You are invited to the Inlinkz link party!

Click here to enter


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Women Of Courage Series. #44. Anonymous. 49/2020.

Women Of Courage Series. #44. Anonymous. 49/2020.

Trigger warning: twin pregnancy, death of one child in utero, miscarriage.

 

 

A series of blog posts on Denyse Whelan Blogs to be found here from mid-May 2019: Wednesdays: each week until the series concludes in 2020.

Here is the introduction to the series.

Courage is strength in the face of pain or grief. It’s doing something that frightens you. We face situations that demand courage every day. These situations provide us with choices, and the way we respond to those choices determines our future. Dayne Shuda.

 

The person who has chosen anonymity is well-known to me and I respect her choice to do so. She has shared her story with me some time ago. The kind of story that no-one wants to be theirs. But, it is and was for Anonymous and her family. She, as in her style, tells her story in her way. I respect her very much for her courage, her sharing and the way in which she has chosen to do so. Thank you Anonymous.

 

Sharing Our Stories of Courage.

 

I strongly believe that women don’t seek (or receive) enough credit for the many wonderful and courageous things they do, often on a daily basis. So when my friend Denyse asked me to join other women in telling a story where I showed courage, I agreed to share my story.

In doing so, I hope that one or two women are encouraged to talk about their experiences with miscarriage and loss.

It was January 1996 when we discovered we were pregnant with our third child.

Although unplanned we were not particular upset with the news-we already had two beautiful daughters, my husband had recently commenced a new job where he was very happy and for the first time we had the littlest bit of money in the bank.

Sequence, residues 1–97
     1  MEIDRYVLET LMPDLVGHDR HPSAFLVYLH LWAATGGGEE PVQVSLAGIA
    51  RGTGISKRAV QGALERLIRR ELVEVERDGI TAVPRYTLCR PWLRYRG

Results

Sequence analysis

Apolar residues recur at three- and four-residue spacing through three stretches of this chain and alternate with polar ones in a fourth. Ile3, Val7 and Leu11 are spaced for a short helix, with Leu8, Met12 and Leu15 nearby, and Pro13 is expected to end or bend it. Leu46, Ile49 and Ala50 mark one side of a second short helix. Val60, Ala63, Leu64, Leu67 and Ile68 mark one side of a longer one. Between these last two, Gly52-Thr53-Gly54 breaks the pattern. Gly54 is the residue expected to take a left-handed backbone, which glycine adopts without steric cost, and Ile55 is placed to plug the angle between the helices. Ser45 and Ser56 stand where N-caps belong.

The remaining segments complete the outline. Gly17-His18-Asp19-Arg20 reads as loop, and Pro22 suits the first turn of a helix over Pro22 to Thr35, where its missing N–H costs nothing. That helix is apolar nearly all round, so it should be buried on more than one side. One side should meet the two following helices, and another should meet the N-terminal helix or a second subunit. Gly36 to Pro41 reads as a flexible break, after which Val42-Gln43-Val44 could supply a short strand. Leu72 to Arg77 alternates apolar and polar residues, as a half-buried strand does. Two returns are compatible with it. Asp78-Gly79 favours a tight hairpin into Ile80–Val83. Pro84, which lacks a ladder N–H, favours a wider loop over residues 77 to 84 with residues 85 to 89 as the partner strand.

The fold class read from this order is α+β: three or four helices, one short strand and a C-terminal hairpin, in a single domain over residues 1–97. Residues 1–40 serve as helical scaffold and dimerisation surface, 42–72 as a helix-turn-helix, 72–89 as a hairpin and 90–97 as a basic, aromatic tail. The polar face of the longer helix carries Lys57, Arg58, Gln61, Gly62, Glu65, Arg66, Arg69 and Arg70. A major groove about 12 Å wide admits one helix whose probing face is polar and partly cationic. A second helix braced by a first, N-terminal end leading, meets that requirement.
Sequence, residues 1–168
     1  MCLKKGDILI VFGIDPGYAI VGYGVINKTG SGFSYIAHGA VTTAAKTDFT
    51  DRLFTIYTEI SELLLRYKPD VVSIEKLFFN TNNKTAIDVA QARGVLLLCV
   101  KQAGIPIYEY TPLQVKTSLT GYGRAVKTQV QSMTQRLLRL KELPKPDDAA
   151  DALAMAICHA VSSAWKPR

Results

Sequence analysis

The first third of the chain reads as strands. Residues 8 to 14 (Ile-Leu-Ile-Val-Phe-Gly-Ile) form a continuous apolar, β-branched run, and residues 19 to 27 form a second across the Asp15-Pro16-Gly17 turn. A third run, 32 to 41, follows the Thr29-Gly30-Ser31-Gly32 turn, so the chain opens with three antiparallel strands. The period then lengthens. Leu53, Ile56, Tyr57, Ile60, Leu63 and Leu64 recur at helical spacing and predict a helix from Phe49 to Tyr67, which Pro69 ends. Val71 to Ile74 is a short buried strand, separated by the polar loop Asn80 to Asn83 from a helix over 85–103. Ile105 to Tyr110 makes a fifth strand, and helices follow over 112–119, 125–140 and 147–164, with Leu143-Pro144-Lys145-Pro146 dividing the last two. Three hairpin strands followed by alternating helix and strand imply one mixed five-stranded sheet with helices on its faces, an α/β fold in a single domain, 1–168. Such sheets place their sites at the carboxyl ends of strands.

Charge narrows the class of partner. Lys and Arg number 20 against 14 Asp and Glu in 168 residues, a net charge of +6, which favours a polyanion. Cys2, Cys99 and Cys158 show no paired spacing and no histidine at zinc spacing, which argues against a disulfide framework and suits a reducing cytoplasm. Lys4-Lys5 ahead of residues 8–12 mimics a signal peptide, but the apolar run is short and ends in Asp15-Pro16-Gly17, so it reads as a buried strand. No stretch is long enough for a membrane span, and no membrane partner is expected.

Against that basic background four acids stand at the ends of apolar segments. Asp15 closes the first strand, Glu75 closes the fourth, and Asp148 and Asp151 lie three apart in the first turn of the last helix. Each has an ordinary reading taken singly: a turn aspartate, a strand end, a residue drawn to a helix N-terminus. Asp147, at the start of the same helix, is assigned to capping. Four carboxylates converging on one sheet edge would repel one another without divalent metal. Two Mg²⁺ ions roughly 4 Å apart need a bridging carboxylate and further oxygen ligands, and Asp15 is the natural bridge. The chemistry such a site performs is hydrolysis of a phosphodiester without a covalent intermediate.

Unlike my previous pregnancies I felt sick all day this time around.

We were most surprised at an early ultrasound when they mentioned that they could see two heartbeats and ‘twins’ were confirmed at a 12-week ultrasound.

Unfortunately, this wasn’t a trouble free pregnancy as I was diagnosed with diabetes, my liver and kidney started showing signs of distress and I was sick most days.

I was visiting three different specialists each week and was hospitalised a few times due to the complications.

Despite this I had always wanted a big family so was thrilled to have two babies joining our little family and our daughters were beside themselves with excitement.

We had decided to find out the genders at the 18-week ultrasound and excitedly walked into the room telling this to the technician.

 

 

As soon as she placed the wand on my stomach I knew that something was wrong.

She quickly exited the room and returned with another obviously more senior person in tow.